So, here's my response and Tom's questions:
In your opinion, to what extent does the correlation of gender to the production of works satisfying particular aesthetic preferences or genre conventions modulate the ethical correctness of selecting works based on the expression of that preference, or on their adherence to those conventions?
If I understand that question correctly, what you're asking is do I think that work is being picked because it is a good piece, or because it is a genre piece written by a woman or man, and how often is that nudged in favour of genre over the actual work?
Personally, I reckon it's probably not that often. There are editors and publishers with agendas, be they positive or negative, and I would not say that it doesn't happen. But given the amount of writers that there are, and the sheer diversity to chose from in a publishing schedule, or book of short fiction, I would probably say that for the most part the ethical side does not influence choices hugely.
That's for good and bad, mind you. Some people will say it does need to be more, others less, and I can see both sides of it.
In some sub-genres there's a vast preponderance of (for example) either male or female writers, and the readership and writership within the communities around these sub-genres often seems to be a strongly gendered ghetto. Two examples: paranormal romance, traditional sword and sorcery. Is that something that it's important to challenge? Why?
Same reason it is important to challenge such ghettos in every walk of life, really: so that people are free to do what they wish without a glass ceiling. While it may be strongly thought that paranormal romance is another word for chick lit, and sword and sorcery is boys stuff, they are simply genre forms, and not born as either a male or female domain, and people from both genders do enjoy reading it, and having writers of both genders helps break down the walls and barriers and cliches that exist in each genre.
In short, I think it creates better fiction. Diversity always does, in my opinion.
Could it be the case that the varying tendency of fiction (and particularly sf) to challenge or console its readers is an important - possibly the most important - axis of aesthetic distinction, and that therefore dogmatic insistence on particular levels of challenge or consolation is itself often a fairly tedious form of harassment across the boundaries of aesthetic micro-communities?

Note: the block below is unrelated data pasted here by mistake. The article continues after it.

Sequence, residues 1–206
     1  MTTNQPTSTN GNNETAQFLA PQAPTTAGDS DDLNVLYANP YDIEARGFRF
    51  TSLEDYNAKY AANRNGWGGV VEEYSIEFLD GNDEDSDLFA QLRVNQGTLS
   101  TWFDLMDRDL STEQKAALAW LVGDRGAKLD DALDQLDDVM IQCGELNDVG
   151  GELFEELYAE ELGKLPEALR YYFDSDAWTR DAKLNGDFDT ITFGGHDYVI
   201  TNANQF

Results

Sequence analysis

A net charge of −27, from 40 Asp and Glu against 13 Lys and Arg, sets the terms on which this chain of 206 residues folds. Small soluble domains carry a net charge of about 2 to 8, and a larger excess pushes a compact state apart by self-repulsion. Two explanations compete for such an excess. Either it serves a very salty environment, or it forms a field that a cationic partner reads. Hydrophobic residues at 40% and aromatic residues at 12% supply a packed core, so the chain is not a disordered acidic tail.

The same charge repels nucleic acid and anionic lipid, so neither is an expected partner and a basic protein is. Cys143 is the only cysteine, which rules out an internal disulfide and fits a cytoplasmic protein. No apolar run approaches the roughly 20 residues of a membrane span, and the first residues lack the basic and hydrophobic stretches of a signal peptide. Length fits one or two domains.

Yeah, it isn't without its moments. The recent Bitch drama in which Margo Lanagan's TENDER MORSELS was featured was a border line harassment of the site, I thought. It bought it upon itself by not reading the book in question, of course, and for then deciding to censor it rather than letting young women think for themselves, so they got what they deserved, in the grand scheme of things.
But, there was something that bordered on bullying in the way that hordes of young adult authors swept down on the site to correct them for their error. Authors demanding to have their books pulled off the list, authors telling Bitch they were wrong, and the such--the impartiality of the authors was never questioned, nor did anyone seem to suggest that authors should not band together, ride into an electronic town, and beat up people because they did something they didn't agree with (no matter if they deserved it).
So, it exists, yeah, that harassment. Often, what is done for a good cause can be done in a less than admirable way, but it's always the risk when people are passionate about an issue, such as with the above mentioned example. It also ignores the fact that, for most readers, these events are pretty much uninteresting, and what they care about is the work at the end--which, really, is what the authors care about, and if they were not arguing, were not constantly pushing for change, would probably result in a scene full of work created by people who didn't give a shit.
And that would result in bad work.
Could it be reasonable to tacitly accept that a new collection, or a new venue for the reproduction of written work is likely to dramatically favour one demographic and even appreciate the related uniformity of the presumed reference points of the works themselves, and the distinction that brings the collection itself in relation to those that are more eclectic?
But, in the case of gender, it is worth remembering that this favourtism has long existed, and has long favoured male writers. They call it the Old Boys Club for a reason, after all, and after such long a time, new venues that pop up with the same bias get unacceptable, especially given the diversity of the authors out there.
Can such a micro-readership's consensus aesthetic with respect to literary works, that need not be explicitly actualised in any questionable wider social expression justifiably be used as a basis for ethical judgement? Would the efforts expended exerting this ethical judgement for the perceived social dividend actually do more good if expended in some other venue, in some other way?
So, in other words, you shouldn't bother if it doesn't have a broader justification?
I mean, you want things to change, they have to begin in your own home, so to say. Chaning small pockets of the world is, eventually, how you change larger parts of it--but mostly, you have to fight where you stand first, before you take it out onto the street.